The Commune & The Third Republic

  • © Monginoux

    © Monginoux

The Commune & The Third Republic


In 1870, the Prussians were at the gates of Paris. The Commune insurrection ended on the barricades. It was to be punished in bloody fashion, on the orders of the republican, Thiers.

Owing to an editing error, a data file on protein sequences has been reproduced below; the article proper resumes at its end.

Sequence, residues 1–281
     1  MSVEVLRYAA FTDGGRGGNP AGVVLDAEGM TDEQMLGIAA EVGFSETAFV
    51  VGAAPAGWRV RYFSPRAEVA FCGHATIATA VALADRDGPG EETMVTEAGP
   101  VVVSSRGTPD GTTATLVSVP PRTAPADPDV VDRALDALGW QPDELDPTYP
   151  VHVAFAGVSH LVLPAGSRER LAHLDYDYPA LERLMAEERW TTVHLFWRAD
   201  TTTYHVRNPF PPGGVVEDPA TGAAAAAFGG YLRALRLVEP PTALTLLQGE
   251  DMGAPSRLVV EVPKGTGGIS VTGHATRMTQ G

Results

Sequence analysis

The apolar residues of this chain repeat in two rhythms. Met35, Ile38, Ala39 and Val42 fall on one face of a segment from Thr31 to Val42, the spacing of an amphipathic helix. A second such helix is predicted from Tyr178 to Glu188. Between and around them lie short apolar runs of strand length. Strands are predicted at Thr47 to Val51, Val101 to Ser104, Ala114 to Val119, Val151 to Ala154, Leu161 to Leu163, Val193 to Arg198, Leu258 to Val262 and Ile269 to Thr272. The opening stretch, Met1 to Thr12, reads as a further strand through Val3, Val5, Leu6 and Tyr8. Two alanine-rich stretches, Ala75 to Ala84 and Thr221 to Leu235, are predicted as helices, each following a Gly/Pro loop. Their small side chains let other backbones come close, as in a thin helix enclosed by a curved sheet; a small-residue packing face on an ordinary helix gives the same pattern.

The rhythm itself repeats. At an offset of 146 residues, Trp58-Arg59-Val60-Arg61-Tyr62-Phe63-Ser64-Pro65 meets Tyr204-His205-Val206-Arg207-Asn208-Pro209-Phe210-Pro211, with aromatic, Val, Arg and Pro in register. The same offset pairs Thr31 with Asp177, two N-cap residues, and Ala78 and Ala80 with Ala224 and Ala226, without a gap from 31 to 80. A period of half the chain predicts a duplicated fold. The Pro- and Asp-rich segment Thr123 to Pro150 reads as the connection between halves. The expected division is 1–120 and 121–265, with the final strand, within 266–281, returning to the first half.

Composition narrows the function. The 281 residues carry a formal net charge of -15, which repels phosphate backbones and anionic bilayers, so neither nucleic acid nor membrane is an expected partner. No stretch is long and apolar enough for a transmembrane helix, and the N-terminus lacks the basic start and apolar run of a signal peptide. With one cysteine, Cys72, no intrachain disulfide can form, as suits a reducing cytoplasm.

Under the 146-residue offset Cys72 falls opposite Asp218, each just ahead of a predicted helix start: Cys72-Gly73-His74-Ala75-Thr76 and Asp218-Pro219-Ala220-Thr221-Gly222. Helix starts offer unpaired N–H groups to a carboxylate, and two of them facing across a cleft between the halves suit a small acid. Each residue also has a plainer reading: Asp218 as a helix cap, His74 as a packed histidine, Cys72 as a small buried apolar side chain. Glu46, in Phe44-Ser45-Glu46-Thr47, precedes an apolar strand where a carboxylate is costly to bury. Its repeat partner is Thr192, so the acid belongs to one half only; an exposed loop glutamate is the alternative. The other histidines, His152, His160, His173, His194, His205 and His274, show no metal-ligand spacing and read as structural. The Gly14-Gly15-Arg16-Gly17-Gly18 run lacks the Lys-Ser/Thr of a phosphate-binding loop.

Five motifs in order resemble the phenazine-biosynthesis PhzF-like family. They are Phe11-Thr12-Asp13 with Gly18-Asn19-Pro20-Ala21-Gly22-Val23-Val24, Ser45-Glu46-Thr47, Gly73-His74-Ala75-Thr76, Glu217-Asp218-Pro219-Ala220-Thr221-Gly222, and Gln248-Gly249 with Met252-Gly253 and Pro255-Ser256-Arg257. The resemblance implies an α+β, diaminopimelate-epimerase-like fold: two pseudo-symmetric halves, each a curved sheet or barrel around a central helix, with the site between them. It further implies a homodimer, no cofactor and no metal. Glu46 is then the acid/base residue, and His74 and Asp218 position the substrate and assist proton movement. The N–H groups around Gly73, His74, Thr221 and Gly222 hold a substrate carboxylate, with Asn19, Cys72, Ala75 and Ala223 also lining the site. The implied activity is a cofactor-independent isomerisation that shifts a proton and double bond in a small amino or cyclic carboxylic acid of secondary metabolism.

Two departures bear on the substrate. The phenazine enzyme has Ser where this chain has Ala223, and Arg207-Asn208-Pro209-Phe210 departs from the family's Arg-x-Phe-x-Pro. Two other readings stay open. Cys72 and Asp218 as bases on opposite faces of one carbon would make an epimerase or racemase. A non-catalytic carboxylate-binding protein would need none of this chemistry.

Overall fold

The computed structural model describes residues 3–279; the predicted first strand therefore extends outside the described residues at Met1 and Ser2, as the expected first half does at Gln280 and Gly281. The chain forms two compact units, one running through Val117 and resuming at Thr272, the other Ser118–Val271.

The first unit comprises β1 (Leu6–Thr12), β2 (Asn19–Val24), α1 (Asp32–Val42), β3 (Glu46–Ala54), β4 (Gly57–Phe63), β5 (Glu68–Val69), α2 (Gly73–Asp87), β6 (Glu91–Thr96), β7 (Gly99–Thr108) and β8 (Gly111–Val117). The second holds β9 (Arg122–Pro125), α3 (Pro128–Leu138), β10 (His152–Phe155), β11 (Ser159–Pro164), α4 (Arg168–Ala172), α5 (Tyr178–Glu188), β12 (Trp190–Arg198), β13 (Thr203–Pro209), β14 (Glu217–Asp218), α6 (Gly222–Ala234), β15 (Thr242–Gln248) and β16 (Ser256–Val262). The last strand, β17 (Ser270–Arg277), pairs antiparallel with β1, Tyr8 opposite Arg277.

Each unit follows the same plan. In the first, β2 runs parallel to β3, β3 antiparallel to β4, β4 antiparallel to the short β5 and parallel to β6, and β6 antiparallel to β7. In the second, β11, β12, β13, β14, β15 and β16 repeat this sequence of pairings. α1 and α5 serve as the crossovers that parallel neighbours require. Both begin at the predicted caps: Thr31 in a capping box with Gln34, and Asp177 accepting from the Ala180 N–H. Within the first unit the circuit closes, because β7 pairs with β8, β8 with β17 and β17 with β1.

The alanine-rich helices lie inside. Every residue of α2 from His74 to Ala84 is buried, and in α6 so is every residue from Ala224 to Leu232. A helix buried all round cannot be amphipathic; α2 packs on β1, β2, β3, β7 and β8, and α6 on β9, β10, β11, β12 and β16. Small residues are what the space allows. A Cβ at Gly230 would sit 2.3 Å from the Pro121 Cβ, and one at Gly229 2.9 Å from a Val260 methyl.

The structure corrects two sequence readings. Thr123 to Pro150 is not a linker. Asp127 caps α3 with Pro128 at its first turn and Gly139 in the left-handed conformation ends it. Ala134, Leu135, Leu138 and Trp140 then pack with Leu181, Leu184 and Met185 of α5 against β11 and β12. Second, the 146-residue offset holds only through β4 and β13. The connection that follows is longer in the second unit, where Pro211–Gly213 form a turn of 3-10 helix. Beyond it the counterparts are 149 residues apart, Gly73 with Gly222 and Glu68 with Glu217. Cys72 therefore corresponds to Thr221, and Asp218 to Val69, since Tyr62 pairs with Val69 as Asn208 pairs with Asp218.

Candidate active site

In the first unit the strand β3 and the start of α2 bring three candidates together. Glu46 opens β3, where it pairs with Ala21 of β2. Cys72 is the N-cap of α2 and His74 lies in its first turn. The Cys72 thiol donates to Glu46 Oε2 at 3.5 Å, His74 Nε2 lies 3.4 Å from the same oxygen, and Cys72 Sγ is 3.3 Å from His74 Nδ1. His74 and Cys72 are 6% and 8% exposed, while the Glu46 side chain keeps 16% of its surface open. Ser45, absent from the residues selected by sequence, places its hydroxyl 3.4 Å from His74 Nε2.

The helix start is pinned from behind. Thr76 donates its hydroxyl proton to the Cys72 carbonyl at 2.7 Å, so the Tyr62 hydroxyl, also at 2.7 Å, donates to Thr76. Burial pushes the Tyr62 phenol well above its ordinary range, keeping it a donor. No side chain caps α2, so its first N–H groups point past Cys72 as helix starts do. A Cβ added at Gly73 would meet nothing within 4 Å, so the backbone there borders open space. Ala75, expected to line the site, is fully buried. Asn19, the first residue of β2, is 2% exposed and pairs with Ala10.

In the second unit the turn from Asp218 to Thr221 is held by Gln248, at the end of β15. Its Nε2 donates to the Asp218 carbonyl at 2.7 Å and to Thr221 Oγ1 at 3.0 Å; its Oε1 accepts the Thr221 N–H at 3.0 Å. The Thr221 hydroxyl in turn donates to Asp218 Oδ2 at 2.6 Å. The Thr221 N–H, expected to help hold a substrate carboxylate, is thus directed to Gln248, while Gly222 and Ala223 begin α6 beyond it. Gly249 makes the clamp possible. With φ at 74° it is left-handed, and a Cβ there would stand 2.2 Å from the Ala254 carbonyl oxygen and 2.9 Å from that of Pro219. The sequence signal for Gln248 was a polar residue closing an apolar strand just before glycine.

France was finally liberated from Prussian occupation in 1873 and the Third Republic established, with presidents: A. Thiers, Mac-Mahon and then J.Grévy. The Left, with L.Gambetta and J. Ferry, opened the door to the ideas of the great republican middle class: anticlericalism, free and compulsory primary education and the permitting of divorce were the first social decisions of the government. Colonial expeditions were sent to Tunisia, Egypt and Tonkin. Internal political battles intensified around General Boulanger and Sadi Carnot. The scandals of Panama, the Russian loan, the Dreyfus affair (1895) - made notorious by Emile Zola with his famous "J'accuse!" - and the Left block under minister Waldeck-Rousseau, are key features of this troubled period from 1887 to 1906. The government was weakened, church property was taken into State ownership. Newspapers, including l'Humanité, informed the people. Strikes and social movements spread through France. While the Universal Exhibition of 1900 reflected the new power of the French colonial empire, Germany was becoming increasingly threatening, despite the attitude of G. Clemenceau, President of the Council [of ministers]. President Fallières (1906-1913) gave way to Raymond Poincaré. Jean Jaurès, champion of pacifism, was assassinated and the First World War broke out in 1914.